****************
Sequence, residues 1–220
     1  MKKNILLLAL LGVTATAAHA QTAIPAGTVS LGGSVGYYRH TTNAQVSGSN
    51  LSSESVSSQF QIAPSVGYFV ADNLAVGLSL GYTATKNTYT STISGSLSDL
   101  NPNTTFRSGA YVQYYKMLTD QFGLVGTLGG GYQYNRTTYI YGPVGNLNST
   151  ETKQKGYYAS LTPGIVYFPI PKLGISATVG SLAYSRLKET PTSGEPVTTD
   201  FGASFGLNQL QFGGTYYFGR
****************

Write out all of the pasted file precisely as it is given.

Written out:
Sequence, residues 1–220
     1  MKKNILLLAL LGVTATAAHA QTAIPAGTVS LGGSVGYYRH TTNAQVSGSN
    51  LSSESVSSQF QIAPSVGYFV ADNLAVGLSL GYTATKNTYT STISGSLSDL
   101  NPNTTFRSGA YVQYYKMLTD QFGLVGTLGG GYQYNRTTYI YGPVGNLNST
   151  ETKQKGYYAS LTPGIVYFPI PKLGISATVG SLAYSRLKET PTSGEPVTTD
   201  FGASFGLNQL QFGGTYYFGR